Ancient Monuments

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Roper Castle Roman signal station, on the western flank of Moudy Mea, 700m south of Summit Reservoir

A Scheduled Monument in Stainmore, Cumbria

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Latitude: 54.4954 / 54°29'43"N

Longitude: -2.1836 / 2°11'0"W

OS Eastings: 388208.070598

OS Northings: 511130.263522

OS Grid: NY882111

Mapcode National: GBR FJ6G.29

Mapcode Global: WHB4N.F8FM

Entry Name: Roper Castle Roman signal station, on the western flank of Moudy Mea, 700m south of Summit Reservoir

Scheduled Date: 27 October 1938

Source: Historic England

Source ID: 1007200

English Heritage Legacy ID: CU 209

County: Cumbria

Civil Parish: Stainmore

Traditional County: Westmorland

Lieutenancy Area (Ceremonial County): Cumbria

Church of England Parish: Brough St Michael

Church of England Diocese: Carlisle


The monument includes the remains of a Roman signal station, situated on the western flank of Moudy Mea some 1.6km south of the Roman road which crosses the Penines via Stainmore. The signal station, which is also known as Round Table, includes a sub-rectangular enclosure surrounded by slight bank and outer ditch with traces of a causewayed entrance on the south side. The interior of the enclosure is divided into two raised platforms by a slight north to south ditch.

PastScape Monument No:- n/a
NMR:- n/a
Cumbria HER:- 1841

Source: Historic England

Reasons for Scheduling

Roman signal stations were rectangular towers of stone or wood situated within ditched, embanked, palisaded or walled enclosures. They were built by the Roman army for military observation and signalling by means of fire or smoke. They normally formed an element of a wider system of defence and signalling between military sites such as forts and camps and towns, generally as part of a chain of stations to cover long distances. In northern England stations were used in particular to augment the main frontier formed by Hadrian's Wall, but elsewhere stations were constructed along the coast to keep lookout over the sea and to signal information both along the coast and to inland sites. Signal stations were constructed and used in Britain mainly during three distinct periods. The earliest examples were built between AD 50 and AD 117 for use during the earliest military campaigns during the conquest period. Signal stations at this period took the form of a wooden tower surrounded by a ditch and bank and possibly a slight timber palisade. After AD 117 towers were more usually built in stone, some on the same site as earlier timber towers. The latest series, in the mid-4th century AD, were more substantial stone signal stations built mainly along the Yorkshire coast. These had a tower up to 30m high which was surrounded by a curtain wall and external ditch. Signal stations survive as low earthworks, or their below ground remains may be identified on aerial photographs. Fewer than 50 examples have been identified in England. As one of a small group of Roman military monuments, which are important in representing army strategy, government policy and the pattern of military control, signal stations are of importance to our understanding of the period. All Roman signal stations with surviving archaeological remains are considered to be nationally important.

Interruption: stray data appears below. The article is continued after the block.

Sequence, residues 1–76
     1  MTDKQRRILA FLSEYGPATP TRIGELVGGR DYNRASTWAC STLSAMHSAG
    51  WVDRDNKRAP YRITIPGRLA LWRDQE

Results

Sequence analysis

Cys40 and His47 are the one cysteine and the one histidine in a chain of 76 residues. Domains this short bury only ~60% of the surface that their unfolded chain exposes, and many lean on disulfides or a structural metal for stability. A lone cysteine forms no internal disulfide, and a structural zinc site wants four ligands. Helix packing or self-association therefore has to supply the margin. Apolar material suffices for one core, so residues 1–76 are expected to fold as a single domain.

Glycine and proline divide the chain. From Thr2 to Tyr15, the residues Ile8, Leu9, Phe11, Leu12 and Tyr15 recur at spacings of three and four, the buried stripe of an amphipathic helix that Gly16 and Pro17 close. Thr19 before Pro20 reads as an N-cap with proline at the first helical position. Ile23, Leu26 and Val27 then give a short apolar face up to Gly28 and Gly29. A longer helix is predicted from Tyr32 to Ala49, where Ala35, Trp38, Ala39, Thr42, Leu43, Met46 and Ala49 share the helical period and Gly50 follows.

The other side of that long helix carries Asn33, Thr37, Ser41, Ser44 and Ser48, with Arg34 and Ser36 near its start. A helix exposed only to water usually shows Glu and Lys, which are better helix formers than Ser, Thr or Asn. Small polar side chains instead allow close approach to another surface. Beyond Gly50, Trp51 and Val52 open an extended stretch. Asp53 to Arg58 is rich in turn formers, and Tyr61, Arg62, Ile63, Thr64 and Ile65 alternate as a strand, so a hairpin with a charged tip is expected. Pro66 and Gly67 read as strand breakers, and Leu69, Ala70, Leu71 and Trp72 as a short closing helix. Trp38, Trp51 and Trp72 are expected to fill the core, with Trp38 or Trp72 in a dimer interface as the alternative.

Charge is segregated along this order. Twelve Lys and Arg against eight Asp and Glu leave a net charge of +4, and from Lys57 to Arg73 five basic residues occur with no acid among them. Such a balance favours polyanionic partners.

Roper Castle Roman signal station is preserved as an earthwork and will contain archaeological deposits relating to its construction, use and abandonment. The monument provides insight into Roman military strategy and the importance of communication in the military occupation of the north of England.

Source: Historic England

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